Movie productions collaborating with brands to release clothing or accessory lines inspired by the movie is a classic marketing tactic. 

To gain Partnerships and Sponsorships the Costume Designer has to know how to leverage the unique appeal of the film.

“Leverage” is key here.

Be creative and smart on where to get your sponsorships, and what sort of exchange of value you can offer. 

Three images of Anna Hathaway in The Devil Wears Prada, wearing Chanel.

Smart Budgeting 

As the Costume Designer has to manage the available budget (which is always tight, no matter what), getting the most bang for your buck is highly important.

One of the things about Costume Pre-Production is the fact that you will overspend, especially if you’re shopping.
You’ll have to buy way more than will eventually be used, because you’ll need options for fittings or even last-minute changes on set.

The best way to manage this is to gauge how much you’ll have to return, which you’ll get better at with practice.
Setting up deals and delayed payments could also help.

A lot of Costume Design is about sourcing the perfect item.
You could be working on a high-budget movie and still visit every thrift store and market in the area to find the perfect jacket.

It’s all about the vision that ends up on the screen. 

Items that are worn often, seen often, or play a significant role in the visual story, are probably a reasonable thing to spend money on.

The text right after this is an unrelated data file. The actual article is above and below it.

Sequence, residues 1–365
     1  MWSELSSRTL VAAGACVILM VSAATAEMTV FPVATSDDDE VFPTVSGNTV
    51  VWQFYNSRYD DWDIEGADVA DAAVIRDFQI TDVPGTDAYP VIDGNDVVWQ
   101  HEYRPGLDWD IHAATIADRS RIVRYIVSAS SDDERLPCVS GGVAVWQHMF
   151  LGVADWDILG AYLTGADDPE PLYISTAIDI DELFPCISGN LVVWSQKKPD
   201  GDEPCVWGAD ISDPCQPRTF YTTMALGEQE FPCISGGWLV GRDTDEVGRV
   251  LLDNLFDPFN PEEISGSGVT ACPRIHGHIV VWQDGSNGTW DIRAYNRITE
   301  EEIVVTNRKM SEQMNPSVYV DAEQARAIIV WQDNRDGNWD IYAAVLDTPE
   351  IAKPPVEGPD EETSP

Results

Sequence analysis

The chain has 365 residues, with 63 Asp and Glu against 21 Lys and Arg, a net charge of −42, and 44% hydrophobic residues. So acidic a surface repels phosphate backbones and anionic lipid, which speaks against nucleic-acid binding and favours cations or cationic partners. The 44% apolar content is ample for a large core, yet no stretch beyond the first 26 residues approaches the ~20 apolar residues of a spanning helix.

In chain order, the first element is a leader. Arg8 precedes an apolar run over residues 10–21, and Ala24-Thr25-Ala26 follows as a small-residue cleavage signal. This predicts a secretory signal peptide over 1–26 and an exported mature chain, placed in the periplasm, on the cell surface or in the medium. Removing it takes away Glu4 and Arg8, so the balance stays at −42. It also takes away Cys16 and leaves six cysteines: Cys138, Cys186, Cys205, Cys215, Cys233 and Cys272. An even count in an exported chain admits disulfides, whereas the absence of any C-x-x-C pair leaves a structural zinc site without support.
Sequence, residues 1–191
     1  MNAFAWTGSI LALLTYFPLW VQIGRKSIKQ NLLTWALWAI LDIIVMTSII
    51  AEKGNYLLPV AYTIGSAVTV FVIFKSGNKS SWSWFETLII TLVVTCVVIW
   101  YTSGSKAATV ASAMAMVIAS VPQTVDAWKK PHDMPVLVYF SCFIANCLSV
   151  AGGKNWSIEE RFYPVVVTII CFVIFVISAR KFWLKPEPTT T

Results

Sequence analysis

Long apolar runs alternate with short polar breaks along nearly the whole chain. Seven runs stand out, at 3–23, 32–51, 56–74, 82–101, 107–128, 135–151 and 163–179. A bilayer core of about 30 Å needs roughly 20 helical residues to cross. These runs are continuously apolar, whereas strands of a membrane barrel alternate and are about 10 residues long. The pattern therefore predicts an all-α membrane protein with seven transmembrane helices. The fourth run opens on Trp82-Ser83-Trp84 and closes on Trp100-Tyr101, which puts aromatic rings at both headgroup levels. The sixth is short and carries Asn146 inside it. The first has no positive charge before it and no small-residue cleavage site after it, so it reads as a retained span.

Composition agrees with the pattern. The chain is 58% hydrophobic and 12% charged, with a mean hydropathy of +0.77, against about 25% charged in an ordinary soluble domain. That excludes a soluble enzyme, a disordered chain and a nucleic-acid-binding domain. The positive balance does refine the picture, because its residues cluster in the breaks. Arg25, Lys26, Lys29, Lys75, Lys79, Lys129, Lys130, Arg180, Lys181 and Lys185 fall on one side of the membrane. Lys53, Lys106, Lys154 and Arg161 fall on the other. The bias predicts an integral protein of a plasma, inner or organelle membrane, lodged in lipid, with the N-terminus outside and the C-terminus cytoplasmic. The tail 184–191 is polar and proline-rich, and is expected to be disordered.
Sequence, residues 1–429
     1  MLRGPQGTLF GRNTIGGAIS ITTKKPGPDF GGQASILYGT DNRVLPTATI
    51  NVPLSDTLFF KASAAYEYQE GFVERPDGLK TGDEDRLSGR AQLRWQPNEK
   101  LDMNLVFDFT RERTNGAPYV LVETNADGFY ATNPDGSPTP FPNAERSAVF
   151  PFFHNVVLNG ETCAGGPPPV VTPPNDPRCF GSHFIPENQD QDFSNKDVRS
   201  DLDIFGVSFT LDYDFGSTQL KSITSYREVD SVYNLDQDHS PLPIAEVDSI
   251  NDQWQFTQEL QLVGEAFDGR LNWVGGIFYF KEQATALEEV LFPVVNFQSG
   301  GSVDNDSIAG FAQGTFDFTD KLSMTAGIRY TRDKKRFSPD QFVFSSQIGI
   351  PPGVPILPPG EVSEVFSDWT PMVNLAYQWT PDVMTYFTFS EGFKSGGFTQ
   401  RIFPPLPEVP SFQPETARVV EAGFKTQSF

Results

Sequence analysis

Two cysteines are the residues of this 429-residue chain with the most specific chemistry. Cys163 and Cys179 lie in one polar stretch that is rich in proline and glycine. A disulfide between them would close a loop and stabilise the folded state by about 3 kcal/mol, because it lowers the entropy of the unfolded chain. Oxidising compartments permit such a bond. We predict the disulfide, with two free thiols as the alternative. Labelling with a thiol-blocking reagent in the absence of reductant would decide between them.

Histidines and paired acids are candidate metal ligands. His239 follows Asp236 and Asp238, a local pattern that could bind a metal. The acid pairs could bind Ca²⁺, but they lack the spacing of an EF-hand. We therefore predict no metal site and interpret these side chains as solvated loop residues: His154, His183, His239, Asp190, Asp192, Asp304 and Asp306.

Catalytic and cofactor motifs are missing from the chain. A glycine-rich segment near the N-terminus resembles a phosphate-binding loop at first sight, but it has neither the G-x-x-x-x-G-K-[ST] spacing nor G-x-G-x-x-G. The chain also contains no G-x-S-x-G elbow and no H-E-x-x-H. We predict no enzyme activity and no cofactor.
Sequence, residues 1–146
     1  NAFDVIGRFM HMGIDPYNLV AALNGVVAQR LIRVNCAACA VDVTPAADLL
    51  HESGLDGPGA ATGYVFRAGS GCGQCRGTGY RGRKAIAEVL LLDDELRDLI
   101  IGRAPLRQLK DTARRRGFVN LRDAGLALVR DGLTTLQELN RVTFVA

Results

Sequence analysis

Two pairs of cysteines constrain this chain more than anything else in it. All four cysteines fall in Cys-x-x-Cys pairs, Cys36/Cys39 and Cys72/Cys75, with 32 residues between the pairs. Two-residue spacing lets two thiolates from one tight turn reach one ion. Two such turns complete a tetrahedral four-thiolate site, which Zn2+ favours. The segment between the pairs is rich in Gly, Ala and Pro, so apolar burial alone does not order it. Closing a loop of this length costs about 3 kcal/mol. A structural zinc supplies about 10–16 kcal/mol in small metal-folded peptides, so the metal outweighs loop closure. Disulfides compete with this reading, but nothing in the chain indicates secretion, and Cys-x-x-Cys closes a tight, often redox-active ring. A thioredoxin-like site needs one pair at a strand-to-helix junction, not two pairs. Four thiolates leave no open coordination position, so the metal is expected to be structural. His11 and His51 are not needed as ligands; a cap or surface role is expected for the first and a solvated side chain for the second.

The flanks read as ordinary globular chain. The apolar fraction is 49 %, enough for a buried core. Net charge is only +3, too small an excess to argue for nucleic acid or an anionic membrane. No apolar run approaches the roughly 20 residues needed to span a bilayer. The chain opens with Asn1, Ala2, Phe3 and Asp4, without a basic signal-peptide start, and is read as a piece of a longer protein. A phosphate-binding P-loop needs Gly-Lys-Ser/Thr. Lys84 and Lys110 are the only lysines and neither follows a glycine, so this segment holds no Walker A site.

Be in tune with what matters in the shot, and where attention to the utmost detail is needed.

Left: A pencil drawing and painting by Costume Designer Micheal Kaplan. Character design drawing for Brad Pitt as Tyler Durden in Fight Club. Tyler Durden is drawn in a fur coat and printed tanktop. Right: A shot from the movie Fight Club. Brad Pitt wearing a colorfully printed tanktop.

Transmedia and IP

Another huge part of the Financial Plan are possible Transmedia Strategies.

Think about films getting an animated series, a game, or the costumes being reproduced as Halloween costumes.

Costume Designers rarely have access to extra revenue related to Transmedia profits, as not many Costume Designers actually own any rights to their designs.

At Blauw Films, we would like to change this.
We see the Character or Costume Designer as an active collaborator on the Intellectual Property of the character, and any re-distributions of the IP are paid out in the appropriate equity.

Inside the New York City Wizarding World store. Displaying Hogwarts clothes and robes from the Harry Potter Francise.

Cultural Assets

A huge part of the long-tail Return of Investment of a film are the Cultural Assets it produces. Cultural Assets are all assets produced for the film that gain cultural value.
Although it’s nearly impossible to control the value of Cultural Assets, there are many examples within the costume department that have added to the film’s cult status. 

These Assets are usually valued at auctions, where they are bought by private collectors or museums. 
Movies with big impact create highly valued Cultural Assets, as buyers hope the value only rises in the future.